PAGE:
Tim Hwang of Harvard Free Culture has a very interesting piece up on his blog about the future of Students for Free Culture. Here is a short part of it on the possible national agenda:
Here are some national projects that I’d love to see Free Culture pursue that haven’t seen much attention.
1) Create A Preemptive Ultimatum Around Creative Works
Sure, we might not agree on the minuate of fair use, but everyone seems to agree that Girl Talk’s work should be defended. Same goes for other artists experimenting with the same methods that threaten the current mode of fair use. Free Culture should create a public list of people and works who are affirmatively protected by the threat of activism. Any organization that goes after them to shut down what is obviously a huge creative boon from remixing and reuse, FC can promise to retaliate against. FC will seed torrents, mass distribute copies, encourage further remixing, and bring in the involvement of litigators working in the space. In other words, we will be a major pain in the ass.
2) Connect With the Development Community
The development community has been wrangling increasingly with Free Culture issues, and there’s a host of natural allies to bring into a project. Many of these, particularly the UAEM community, have demonstrated the efficacy of student activists working in the university space to promote more sensible IP frameworks for innovation. As Benkler has pointed out, Free Culture is far from being limited to a first world issue: access to medicine, technology, and know-how in the developing world is increasingly dependent on an obsolete system of IP that needs resolving. However, no large student group currently acts broadly in the space, though FC is ideally suited to do such a thing.
3) Encourage Open Access Nationally
With the passing of the Open Access resolution at Harvard and efforts at MIT and Stanford, the space now exists for IP freedom activists to begin a full-scale mobilization to promote better public access to educational materials around the country. Many of the technical tools and organizational models to implement this are now being tested in these universities, and the sharing of these practices among student activists massively lowers the cost to universities who are trying to find their way with Open Access. Shooting towards an eventual goal of creating a nationally linked repository of Open Access materials from colleges around the country seems like an obvious resource to aim to create.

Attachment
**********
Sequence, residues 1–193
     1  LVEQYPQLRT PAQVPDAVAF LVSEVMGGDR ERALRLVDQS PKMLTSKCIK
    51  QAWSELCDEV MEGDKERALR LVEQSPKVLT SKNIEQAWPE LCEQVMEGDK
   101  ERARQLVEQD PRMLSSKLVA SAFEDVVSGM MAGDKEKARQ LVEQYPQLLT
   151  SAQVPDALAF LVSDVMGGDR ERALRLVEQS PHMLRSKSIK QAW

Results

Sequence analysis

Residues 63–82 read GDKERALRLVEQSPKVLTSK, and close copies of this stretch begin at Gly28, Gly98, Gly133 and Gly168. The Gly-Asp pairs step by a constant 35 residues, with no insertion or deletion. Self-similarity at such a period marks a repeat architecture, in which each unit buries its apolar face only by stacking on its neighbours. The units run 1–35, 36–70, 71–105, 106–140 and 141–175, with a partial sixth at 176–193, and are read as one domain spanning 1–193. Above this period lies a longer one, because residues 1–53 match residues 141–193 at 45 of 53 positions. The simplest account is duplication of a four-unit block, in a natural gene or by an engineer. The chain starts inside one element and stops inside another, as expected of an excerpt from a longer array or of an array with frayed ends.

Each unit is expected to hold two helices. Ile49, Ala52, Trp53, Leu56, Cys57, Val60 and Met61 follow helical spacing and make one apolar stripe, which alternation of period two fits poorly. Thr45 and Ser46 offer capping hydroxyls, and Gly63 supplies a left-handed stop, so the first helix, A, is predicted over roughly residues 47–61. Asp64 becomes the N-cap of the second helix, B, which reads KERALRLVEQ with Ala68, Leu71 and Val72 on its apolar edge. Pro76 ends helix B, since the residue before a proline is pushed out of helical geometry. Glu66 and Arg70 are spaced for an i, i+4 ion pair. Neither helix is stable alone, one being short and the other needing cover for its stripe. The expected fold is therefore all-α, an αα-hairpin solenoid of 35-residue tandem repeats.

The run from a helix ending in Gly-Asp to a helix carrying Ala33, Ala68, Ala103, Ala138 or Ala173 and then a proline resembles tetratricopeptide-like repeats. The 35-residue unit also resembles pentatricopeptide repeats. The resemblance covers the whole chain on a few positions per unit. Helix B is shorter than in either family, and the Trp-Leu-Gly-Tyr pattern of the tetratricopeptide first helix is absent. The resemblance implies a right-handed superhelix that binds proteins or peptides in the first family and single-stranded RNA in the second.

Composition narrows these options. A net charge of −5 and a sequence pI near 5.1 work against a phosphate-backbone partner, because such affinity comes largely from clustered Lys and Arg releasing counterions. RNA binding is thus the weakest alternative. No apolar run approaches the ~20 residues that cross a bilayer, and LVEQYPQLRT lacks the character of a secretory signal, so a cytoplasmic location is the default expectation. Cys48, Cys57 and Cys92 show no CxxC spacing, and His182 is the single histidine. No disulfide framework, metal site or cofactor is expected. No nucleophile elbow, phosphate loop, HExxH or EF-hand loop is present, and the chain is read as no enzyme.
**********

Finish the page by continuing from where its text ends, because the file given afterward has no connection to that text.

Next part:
4) Promote Data Portability
Free and Open Source Software has been a broadly shared axe to grind for some time now with a bunch of organizations, but it seems like structurally, the salient issue in coming years won’t be merely making code free, but to advocate for data being portable. As the market largely moves towards tethered devices and thin client models, the question of freedom doesn’t turn so much on whether or not a particular software is free or open source — after all Google mostly doesn’t care if you want to go in and see how things work. All the forward-thinking tech company wants is for A) that product to be used, even at the cost of offering it for free, and B) that the data and hosting is kept with them. The real threat to freedom and innovation — as Zittrain’s pointed out — is that data is locked up remotely and that software on platforms increasingly becomes service. What does it mean when Apple can remotely shut down products, or can make movement to another service essentially impossible by raising the barriers to transferring personal information? At least within FC, no one’s been pushing hard on this point, and I think it’s an incredibly salient issue for the community to get involved in.
I strongly agree with basic agenda items of Fair Use, Open Access, Connecting with the Development Community and Data Portability. But what I like most about this agenda is that it is proactive, SFFC needs to be active in defining what Free Culture means and what standards are in the information age. We also need to reach out beyond the rich west to include more people in the FC movement.
PS I need to write a post on Data Portability and a right to have your data deleted. Data portability is essential for creating a landscape where competition can thrive, and a deletion right may be important in a post privacy era. I strongly support data portability, and am deeply conflicted on a deletion right.